(London: John Russell Smith, 1865-57-58). 175 x 140 mm. (6 7/8 x 5 1/2"). Five volumes. Translated by George Chapman. Introduction and notes by Richard Hooper.

Attractive early 20th century moss green three-quarter morocco, raised bands, spines gilt in compartments with drawer handle cornerpieces, marbled endpapers, top edges gilt. With engraved frontispiece portrait of Chapman and three extra engraved title pages reproducing those in early editions of Chapman's translations. Front pastedowns with book label of Abel E. Berland. With occasional pencilled marginalia. A couple of short scratches to leather, a few tiny nicks to boards, the spines a little sunned, two raised bands a bit abraded, three leaves with tears into text (no loss), other trivial imperfections, but quite a pretty set in excellent condition, the bindings bright and showing no significant wear, and the text fresh and clean.

This is a pleasing Victorian edition of Chapman's Homer, an undertaking that Day calls "the greatest verse translation of the Renaissance" and perhaps "the greatest English translation of Homer." George Chapman (1559/60-1634) made his name as a poet and playwright before turning to translating classical literature. His was the first English translation to be done directly from the Greek, appearing between 1598, when the first seven books of the "Iliad" were published, and 1624, the date "Batrachomyomachia" ("War of the Frogs and Mice") was issued. His remained the standard translation until Pope's 18th century version. Chapman enjoyed a renewed popularity among 19th century poets: Keats composed a much-quoted sonnet, "On First Looking into Chapman's Homer," which begins "Much have I travell'd in the realms of gold," and Swinburne said, "No praise can be too warm or high for the power, the freshness, the indefatigable strength and inextinguishable fire which animate this exalted work." As DNB points out, "Chapman was no straightforward translator. Although he taught himself Greek, . . . He did not provide literal English versions of his originals; rather, he personalized the epic, appropriating his source and making Homer a writer of the early modern moment. Chapman also digressed from the Greek to stress his own interpretations of the central players." In addition to Homer's works, our set contains Chapman's translations of Hesiod, Musaeus' "Hero and Leander," and Juvenal's fifth satire. Finally, the unsigned bindings make an agreeable appearance on the shelf. The present item was once in the distinguished collection of Chicago bibliophile Abel E. Berland (1915-2010), a long-time member of the Caxton Club, which published this description of his library in their May 1996 newsletter: "The range of the Abel Berland library is extensive; the quality, remarkable; the collection, awesome. More than 500 uncommon titles brought together by the passion and genius of one person through an absolute devotion to books, ideas, and learning is an achievement worthy of reflection in an age enthralled by the chimeras of contemporaneity."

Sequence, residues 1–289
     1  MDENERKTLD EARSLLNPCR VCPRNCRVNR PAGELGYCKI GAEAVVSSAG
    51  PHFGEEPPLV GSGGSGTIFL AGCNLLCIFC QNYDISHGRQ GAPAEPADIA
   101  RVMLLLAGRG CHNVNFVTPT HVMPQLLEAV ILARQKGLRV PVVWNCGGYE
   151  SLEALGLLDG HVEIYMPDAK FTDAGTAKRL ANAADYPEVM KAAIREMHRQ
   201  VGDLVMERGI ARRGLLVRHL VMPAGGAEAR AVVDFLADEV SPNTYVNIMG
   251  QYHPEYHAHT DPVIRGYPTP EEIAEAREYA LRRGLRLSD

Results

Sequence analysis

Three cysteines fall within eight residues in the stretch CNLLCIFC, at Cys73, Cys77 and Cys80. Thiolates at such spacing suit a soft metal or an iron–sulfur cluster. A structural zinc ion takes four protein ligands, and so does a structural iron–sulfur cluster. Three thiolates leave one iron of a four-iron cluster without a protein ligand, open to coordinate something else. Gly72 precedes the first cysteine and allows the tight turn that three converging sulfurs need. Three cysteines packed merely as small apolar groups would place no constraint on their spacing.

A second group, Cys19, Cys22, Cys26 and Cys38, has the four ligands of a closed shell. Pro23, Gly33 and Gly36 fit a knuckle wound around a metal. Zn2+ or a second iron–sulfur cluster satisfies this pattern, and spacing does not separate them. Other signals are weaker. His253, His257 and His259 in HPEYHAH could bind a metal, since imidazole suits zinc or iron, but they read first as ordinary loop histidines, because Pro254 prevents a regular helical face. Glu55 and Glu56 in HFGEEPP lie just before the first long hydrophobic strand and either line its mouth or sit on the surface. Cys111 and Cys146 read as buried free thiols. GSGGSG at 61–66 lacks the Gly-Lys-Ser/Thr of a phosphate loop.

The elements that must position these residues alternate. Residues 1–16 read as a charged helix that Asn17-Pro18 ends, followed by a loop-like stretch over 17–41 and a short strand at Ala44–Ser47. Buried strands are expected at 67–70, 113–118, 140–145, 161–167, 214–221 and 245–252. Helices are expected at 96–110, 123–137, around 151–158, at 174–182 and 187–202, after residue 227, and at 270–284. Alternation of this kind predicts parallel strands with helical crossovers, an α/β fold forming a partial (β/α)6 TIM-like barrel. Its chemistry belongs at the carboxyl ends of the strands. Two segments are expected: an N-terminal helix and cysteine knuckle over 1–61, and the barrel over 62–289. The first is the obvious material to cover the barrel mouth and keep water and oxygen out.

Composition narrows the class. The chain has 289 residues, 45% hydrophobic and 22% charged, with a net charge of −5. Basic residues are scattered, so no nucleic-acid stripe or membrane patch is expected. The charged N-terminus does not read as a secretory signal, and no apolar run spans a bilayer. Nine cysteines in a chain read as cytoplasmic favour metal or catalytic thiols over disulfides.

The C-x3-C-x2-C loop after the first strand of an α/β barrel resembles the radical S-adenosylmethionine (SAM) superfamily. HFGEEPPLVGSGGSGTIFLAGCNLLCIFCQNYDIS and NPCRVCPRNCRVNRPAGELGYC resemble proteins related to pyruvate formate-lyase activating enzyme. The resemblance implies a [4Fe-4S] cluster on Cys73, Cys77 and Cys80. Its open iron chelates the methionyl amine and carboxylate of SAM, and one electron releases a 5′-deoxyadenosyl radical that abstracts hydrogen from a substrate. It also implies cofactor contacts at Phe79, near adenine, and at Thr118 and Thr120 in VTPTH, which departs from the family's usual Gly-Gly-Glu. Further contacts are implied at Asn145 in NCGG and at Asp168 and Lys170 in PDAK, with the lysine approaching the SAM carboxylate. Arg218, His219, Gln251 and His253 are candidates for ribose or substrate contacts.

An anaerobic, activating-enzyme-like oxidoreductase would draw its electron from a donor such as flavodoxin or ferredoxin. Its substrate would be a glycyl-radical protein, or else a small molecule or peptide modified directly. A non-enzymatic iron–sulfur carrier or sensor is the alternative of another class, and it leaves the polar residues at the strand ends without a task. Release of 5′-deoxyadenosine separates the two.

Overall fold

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PJP Catalog: Sets1.066